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Journal of Venomous Animals and Toxins including Tropical Diseases

On-line version ISSN 1678-9199

J. Venom. Anim. Toxins incl. Trop. Dis vol.11 no.3 Botucatu July/Sept. 2005

http://dx.doi.org/10.1590/S1678-91992005000300001 

EDITOR'S VIEWPOINT

 

Neglected diseases and radiation

 

 

The Journal of Venomous Animals and Toxins including Tropical Diseases publishes works involving tropical diseases, toxinology, venoms and their derivatives. According to the World Health Organization, tropical diseases are considered neglected, and only one percent of the new drugs developed by the private industry are geared to them. The fact that these diseases are not a Public Health problem in developed countries may justify this indifference. However, millions of people all over the world are at risk of contracting these diseases, and, annually, millions of deaths, especially of children, are attributed to them.

For example, after almost a century from Chagas disease discovering, there is not an efficacious treatment available for the population chronically infected neither a perspective of developing a vaccine for it. This situation is the same for Leishmaniasis, Toxoplamasis, Malaria, and other tropical diseases, which have become less frequent in big centers but still insist in causing epidemic outbreaks, showing the maintenance of their causing factor. Despite these aspects, South American researchers, mainly from Brazilian Universities and Research Institutes, have been making great efforts to correct these failures, trying to eradicate these diseases or at least develop preventive methods.

For ophidic accidents, whose serum therapy is still the only efficacious treatment, the search lies in obtaining vaccines and making serum available for veterinary use. This state of affairs has stimulated researchers to seek alternatives in order to achieve good results in this arduous task.

The use of ionizing radiation has been decisive in the obtainment of modified proteins with particular and promising properties, both from venoms and parasites. This radiation has already proved to reduce the toxicity of venoms or toxins isolated from snakes, spiders, scorpions, and bees, maintaining or even improving their immunological properties. This is due to the radiation ability to modify proteins, making them easier recognized by the immune system, improving thus the vaccines developed from antigens subjected to this process. This was particularly demonstrated by our group, both in venom proteins, like crotoxin, and in the increase of immunogenicity of recombinant proteins from Mycobacterium leprae, Hansen disease bacillus.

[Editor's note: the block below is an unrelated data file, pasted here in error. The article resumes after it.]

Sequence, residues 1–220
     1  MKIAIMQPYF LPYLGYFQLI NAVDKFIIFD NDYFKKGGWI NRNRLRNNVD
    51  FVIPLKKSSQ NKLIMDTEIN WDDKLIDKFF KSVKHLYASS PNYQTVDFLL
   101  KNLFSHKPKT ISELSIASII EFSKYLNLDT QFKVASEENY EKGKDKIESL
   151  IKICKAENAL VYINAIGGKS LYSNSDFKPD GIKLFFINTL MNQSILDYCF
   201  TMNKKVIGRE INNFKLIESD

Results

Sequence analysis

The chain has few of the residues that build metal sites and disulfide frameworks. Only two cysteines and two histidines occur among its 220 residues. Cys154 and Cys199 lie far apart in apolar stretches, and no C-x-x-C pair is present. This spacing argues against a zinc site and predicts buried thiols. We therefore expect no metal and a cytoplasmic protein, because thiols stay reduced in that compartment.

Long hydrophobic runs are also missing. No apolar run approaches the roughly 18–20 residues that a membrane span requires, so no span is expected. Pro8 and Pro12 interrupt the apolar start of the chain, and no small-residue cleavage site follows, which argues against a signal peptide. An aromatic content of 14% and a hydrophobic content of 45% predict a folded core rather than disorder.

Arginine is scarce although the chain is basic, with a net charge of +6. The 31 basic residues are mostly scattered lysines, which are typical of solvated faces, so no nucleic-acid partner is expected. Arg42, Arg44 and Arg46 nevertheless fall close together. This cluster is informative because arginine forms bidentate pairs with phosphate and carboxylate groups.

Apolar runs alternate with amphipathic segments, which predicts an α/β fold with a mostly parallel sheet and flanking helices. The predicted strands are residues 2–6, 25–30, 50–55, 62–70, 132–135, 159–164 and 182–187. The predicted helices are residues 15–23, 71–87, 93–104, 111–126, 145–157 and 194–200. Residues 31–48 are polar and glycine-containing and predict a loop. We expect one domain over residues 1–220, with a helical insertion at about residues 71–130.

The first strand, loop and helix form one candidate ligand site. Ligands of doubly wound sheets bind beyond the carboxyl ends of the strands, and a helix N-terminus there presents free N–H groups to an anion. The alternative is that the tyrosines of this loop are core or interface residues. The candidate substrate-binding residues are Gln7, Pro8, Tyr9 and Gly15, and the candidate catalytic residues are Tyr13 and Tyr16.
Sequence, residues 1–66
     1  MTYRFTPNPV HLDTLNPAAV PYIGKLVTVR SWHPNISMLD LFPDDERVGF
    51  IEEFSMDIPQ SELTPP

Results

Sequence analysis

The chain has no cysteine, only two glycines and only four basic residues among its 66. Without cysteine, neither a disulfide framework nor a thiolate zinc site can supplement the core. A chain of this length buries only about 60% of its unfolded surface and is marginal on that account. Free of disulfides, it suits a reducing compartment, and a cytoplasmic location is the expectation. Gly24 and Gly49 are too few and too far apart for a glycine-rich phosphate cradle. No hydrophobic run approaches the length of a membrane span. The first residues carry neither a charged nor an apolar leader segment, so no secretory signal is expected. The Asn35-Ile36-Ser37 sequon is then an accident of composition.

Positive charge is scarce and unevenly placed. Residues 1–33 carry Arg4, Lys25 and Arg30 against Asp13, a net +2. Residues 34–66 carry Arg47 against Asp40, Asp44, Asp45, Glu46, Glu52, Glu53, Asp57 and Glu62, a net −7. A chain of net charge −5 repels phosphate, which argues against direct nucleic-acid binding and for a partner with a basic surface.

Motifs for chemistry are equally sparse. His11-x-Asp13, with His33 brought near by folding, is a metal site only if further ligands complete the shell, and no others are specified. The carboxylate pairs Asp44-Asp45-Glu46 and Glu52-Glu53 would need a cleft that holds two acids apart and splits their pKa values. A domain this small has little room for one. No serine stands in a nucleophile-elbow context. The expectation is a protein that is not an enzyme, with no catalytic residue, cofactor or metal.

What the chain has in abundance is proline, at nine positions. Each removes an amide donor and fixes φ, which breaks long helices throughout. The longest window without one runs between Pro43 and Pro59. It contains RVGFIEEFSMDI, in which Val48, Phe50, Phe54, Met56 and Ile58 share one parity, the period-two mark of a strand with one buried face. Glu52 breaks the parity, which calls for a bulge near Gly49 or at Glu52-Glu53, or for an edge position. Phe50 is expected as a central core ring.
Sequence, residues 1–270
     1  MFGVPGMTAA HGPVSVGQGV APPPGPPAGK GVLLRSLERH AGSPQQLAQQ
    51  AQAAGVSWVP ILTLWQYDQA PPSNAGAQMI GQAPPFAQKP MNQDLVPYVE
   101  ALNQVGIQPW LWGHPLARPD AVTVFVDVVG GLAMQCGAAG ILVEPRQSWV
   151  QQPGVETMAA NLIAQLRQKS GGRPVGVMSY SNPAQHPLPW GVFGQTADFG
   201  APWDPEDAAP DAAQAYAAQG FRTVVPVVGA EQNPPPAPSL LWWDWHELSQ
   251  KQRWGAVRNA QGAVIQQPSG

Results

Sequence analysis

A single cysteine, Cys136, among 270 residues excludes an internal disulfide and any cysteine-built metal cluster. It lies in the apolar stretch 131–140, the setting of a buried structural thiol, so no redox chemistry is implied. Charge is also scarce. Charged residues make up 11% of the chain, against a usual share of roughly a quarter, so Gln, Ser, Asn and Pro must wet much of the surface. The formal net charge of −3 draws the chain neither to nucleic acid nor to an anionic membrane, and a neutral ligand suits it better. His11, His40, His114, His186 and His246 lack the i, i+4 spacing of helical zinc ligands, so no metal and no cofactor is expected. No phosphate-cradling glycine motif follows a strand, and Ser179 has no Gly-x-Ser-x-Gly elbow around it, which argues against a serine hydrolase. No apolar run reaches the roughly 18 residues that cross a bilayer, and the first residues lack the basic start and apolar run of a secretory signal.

Another important aspect of ionizing radiation is its ability to sterilize without decreasing the viability of protozoans, such as malaria and toxoplasmosis. This has allowed the production of promising vaccines, both for irradiated sporozoites and taquizoites. This capacity of sterilizing without killing, i.e., only thwarting reproduction while keeping the agent's cellular biology's properties and capacity of invasion, along with the same kind of exposal by natural infection antigens, is ideal for vaccine production.

This is simpler and so efficient as the production of genetically modified protozoans, recently described to have the same ability.

Exploiting these aspects better can enhance our ability to produce vaccines, not only in these mechanisms but also in the selection of metacycle forms of kinetoplastids, which are difficult to obtain in axenic cultures.

The association of ionizing radiaton with tropical or neglected diseases is very interesting. Radiation was always stigmatized for its association with the damage caused by bombs and nuclear accidents, nevertheless its pacific use is extremely beneficial. Sterilization by radiation of plastic products has enabled widening of their use in Medicine and Biology. Certainly, new pacific uses are going to be discovered. The association of the use of radiation for production of vaccines and immunogens, aiming at preventing tropical diseases and accidents with venomous animals, is only one of its possible applications. Indubitably, our researchers will not lack the ingenuity to use it in other systems that aim at decreasing these social issues which are tropical diseases.

 

Nanci do Nascimento
Pesquisadora do Instituto de Pesquisas Energéticas e Nucleares – IPEN/CNEN – São Paulo. Email: nnascime@ipen.br

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